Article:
Solid Interfaces

Phase Transitions and Transport Phenomena in Thin Films at Solid/Air Interfaces

5.) Heterojunction organic photovoltaic cells need nanometer size structures of the donor/acceptor system to avoid exciton recombination prior to charge separation. We use nucleation and self-organized growth to achieve and optimize suitable donor/acceptor structures (Fig. 5a).

Fig. 5a: Self-organized structures (AFM, dip-coating → drying patterns) of Cu-Phtalocyanine on a SiO2 surface. The structures are only 1nm high.

Future Plans:
We will proceed investigating heterogeneous nucleation and the growth of (small) aggregates. We will prepare nanometer size, defined “active sites” (indentations, etc.) on planar solid surfaces and investigate (AFM) their impact on the adsorption, nucleation and growth of aggregates from supersaturated solutions. Future experimental and theoretical work on the phase transition behavior of molecularly thin alkane terraces will also address nucleation and growth phenomena, but within solid/liquid phase transitions. Molten alkanes do not wet their own solid - a unique property. Thus the studies will also focus on melting in general. We will go on using nucleation and self organized pattern growth for the preparation of organic photovoltaic hetero-junction cells. This work aims at a better understanding of the physics of typical wet preparation processes (spray-, spin-, dip-coating). The resulting (drying) structures are influenced by (surface) flow and solvent evaporation, phenomena that will be studied in detail by future drop coalescence experiments.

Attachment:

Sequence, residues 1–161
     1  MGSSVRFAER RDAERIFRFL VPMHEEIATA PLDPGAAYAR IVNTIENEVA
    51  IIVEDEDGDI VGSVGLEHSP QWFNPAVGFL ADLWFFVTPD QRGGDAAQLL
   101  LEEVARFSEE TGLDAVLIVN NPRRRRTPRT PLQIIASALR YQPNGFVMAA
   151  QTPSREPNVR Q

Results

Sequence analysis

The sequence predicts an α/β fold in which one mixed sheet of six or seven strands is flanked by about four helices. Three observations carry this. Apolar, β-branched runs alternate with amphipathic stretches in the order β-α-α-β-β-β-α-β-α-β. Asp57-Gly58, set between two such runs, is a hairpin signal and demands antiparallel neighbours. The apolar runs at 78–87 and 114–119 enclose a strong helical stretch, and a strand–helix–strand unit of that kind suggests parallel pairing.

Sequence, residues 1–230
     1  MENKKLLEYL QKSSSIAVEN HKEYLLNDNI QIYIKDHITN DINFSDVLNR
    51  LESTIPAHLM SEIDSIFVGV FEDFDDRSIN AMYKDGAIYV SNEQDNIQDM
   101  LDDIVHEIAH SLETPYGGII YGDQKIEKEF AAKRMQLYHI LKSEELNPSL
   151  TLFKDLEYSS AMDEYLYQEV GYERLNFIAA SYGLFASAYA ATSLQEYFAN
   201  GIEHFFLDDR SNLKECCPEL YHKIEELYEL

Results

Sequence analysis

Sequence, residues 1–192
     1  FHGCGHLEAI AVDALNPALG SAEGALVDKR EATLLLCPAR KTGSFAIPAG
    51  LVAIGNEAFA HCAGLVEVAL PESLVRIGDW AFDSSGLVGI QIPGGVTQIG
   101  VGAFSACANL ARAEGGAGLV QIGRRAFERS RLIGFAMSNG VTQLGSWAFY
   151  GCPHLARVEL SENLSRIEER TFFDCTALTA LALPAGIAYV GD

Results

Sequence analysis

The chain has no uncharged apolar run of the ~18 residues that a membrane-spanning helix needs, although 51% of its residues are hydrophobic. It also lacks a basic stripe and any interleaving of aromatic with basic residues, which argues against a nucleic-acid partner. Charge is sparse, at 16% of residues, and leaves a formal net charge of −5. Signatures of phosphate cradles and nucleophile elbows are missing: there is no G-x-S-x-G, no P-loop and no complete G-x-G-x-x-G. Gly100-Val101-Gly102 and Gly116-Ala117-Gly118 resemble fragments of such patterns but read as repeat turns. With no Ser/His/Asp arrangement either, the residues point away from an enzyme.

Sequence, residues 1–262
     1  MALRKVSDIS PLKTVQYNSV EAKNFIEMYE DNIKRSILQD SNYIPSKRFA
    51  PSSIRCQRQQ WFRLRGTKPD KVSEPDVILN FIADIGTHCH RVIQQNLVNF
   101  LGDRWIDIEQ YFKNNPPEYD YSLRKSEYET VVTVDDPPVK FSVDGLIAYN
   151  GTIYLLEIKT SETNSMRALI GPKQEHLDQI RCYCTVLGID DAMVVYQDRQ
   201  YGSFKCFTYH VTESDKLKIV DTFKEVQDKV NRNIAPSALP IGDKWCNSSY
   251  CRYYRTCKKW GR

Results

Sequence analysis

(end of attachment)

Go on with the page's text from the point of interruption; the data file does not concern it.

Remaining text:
H. Riegler, J. Berg, F. Ghani, C. Jin, S. Karpitschka, J. Kristen, C. Weber

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